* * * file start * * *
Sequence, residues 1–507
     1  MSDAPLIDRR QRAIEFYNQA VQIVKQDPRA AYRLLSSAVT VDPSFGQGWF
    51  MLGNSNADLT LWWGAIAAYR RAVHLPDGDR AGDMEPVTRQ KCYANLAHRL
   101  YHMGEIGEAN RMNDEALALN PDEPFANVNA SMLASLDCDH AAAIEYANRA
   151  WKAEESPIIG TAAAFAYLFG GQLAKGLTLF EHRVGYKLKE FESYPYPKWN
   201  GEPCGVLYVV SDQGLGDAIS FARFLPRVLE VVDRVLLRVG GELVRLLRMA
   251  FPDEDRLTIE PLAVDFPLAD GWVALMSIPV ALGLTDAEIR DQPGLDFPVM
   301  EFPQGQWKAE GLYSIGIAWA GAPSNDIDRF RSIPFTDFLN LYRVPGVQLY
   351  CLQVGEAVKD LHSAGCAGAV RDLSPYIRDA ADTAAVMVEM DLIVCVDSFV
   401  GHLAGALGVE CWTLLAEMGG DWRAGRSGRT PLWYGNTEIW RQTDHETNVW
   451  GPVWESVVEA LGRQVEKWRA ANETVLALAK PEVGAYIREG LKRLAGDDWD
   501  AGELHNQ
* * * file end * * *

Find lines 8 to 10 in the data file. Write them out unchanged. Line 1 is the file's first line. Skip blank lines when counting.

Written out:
   301  EFPQGQWKAE GLYSIGIAWA GAPSNDIDRF RSIPFTDFLN LYRVPGVQLY
   351  CLQVGEAVKD LHSAGCAGAV RDLSPYIRDA ADTAAVMVEM DLIVCVDSFV
   401  GHLAGALGVE CWTLLAEMGG DWRAGRSGRT PLWYGNTEIW RQTDHETNVW